How to Treat Scars Caused by Burns
Burn wounds are painful, and the healing process is long and can have many repercussions depending on the severity of the burn, including emotional damage and scarring. The scars themselves can be unsightly, painful, and even restrict your movement. Fortunately, these scars don’t have to be permanent, and there are many options for burn scar treatment. To better understand which treatment is right for you, here is some background knowledge on your skin and why burns cause scars:
First, you have to understand your skin.
Understanding burns and how to heal them first requires a basic understanding of what we refer to as skin. The skin is comprised of 3 layers, each of which has different functions. The first layer, the epidermis, is the outermost layer and is the one that we typically think of when we talk about our skin. Its’ purpose is to keep external substances out while keeping your internal substances contained. The next layer, the dermis, is located below the epidermis. It contains important body utilities such as blood vessels, nerves, hair follicles, and sweat glands. The final layer, the subcutis, is located below the dermis and is the deepest below the surface of the skin. This layer is comprised mainly of fat cells, and it serves to conserve body heat and absorb the shock from impacts.
Will my burn result in a scar?
The types of burns parallel the skin’s layers. A first-degree burn occurs when the epidermis is exposed and burned. It will become red and inflamed, and it can be a little painful. First-degree burns typically take 7-10 days to heal and leave no scar.
Second-degree burns occur when both the epidermis and the dermis are affected. Because the dermis contains nerve-endings galore, these can be very painful and sore. The skin becomes extremely red and hot and most of the time blisters form. Depending on the severity of this burn, it typically takes 2-3 weeks to heal completely. It causes the area affected to change color, but this fades over time. It might also cause some scarring.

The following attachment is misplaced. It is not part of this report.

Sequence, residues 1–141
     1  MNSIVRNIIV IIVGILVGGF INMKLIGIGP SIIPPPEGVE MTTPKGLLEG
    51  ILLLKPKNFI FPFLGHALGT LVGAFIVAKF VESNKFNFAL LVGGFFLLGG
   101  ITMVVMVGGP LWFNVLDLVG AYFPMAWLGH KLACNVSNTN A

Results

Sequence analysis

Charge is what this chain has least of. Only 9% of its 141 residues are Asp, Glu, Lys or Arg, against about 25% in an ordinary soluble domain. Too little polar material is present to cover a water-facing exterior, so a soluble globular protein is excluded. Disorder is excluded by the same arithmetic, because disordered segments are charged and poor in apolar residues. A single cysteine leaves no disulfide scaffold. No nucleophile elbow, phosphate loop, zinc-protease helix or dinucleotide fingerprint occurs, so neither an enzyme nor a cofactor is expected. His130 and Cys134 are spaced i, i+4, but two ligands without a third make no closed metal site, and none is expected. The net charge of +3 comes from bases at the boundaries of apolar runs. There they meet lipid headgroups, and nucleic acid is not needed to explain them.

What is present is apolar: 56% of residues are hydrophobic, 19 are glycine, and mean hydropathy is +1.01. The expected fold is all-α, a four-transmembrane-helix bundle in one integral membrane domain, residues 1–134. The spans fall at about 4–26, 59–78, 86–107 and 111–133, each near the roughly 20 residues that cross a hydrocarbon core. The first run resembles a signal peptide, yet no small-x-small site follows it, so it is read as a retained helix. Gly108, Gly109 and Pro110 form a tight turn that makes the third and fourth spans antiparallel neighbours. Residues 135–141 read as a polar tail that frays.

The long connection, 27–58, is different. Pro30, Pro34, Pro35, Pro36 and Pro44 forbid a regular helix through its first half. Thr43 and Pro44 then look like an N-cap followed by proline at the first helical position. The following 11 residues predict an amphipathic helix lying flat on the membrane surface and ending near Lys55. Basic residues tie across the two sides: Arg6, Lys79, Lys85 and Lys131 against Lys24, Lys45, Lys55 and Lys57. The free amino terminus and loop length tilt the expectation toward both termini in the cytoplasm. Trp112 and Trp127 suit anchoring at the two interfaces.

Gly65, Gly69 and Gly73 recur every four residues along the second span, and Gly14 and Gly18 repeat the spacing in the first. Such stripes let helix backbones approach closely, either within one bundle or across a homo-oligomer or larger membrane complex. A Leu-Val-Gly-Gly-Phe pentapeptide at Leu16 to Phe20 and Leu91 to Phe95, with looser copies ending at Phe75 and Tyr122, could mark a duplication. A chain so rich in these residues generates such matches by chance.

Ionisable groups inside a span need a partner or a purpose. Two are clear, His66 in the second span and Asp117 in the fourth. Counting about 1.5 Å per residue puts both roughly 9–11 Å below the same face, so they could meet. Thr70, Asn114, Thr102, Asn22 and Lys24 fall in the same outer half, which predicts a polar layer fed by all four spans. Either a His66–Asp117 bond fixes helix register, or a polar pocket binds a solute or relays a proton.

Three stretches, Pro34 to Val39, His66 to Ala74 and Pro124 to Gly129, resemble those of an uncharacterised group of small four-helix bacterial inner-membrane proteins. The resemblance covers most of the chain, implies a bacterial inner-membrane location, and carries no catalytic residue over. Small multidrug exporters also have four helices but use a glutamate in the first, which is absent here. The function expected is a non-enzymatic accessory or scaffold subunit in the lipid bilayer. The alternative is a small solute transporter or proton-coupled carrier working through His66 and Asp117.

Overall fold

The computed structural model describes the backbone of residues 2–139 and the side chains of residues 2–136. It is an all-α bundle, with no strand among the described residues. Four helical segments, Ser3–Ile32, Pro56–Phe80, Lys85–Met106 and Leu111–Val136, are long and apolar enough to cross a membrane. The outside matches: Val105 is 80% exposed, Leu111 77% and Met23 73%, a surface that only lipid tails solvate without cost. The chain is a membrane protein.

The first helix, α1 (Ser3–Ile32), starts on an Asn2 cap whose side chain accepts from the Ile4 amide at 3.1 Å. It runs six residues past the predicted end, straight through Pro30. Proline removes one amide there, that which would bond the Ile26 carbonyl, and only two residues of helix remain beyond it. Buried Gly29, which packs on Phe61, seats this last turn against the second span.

Third-degree burns occur when all 3 layers of skin are burned and it is the most serious. They aren’t painful because the nerve endings in the dermis are destroyed. Blisters don’t develop and the skin can appear charred or white and waxy. These burns cause serious scarring and the more severe cases need surgery to heal them.
What types of scars are caused by burns?
Treatment of a scar depends on its’ type. Most second-degree burns cause the affected area to color and redden, but this fades over the course of a couple months. The more serious burns leave serious scarring. Keloid Scars are hairless, typically red scars that are raised above the skin. They occur when the protein that creates scar tissue, collagen, is overproduced, causing the skin to protrude. A Hypertrophic Scar also occurs when there is an imbalance of collagen, except it only causes a small protrusion. Instead, the collagen is thickened under the skin and causes movement to be restricted. Skin Contractures, the third kind of scarring most likely to form with burns, occurs when the skin surrounding the wound tightens and shrinks, which causes tightness and restricted movement.
How can I treat a burn scar?
The collagen in that forms scars is active for 2 years; after this activity fades. Getting proper treatment within this window is critical, otherwise the scar will never get a chance to heal fully. Scars created from burns are typically raised from the skin, so lowering them is important to making them less noticeable. Fortunately, there are various scar management products to complete this task. What is referred to as pressure dressings flattens the scars over a period of 6 months or more. A much more popular method is to use products that contain silicon, which when applied correctly takes at least 3 months to be effective. Scar creams for burns are available as well as silicon sheets which are placed on and around the affected area. Corticosteroid injections are inserted in the scar itself, reducing the swelling and lowering the scar, and are designed for keloid and hypertrophic scars. For more serious scarring, medical procedures such as laser therapy and skin grafting may be necessary to ensure that the scar is healed completely.
Fact of the matter is, no one wants to be “scarred for life” so to speak. Fortunately, scars don't have to be permanent; with the proper care they can fade back into your skin and be barely noticeable. Finding the burn scar treatment most appropriate for you is the first step to ensure that your scars heal properly, and when they do not only will you feel better, you’ll look better.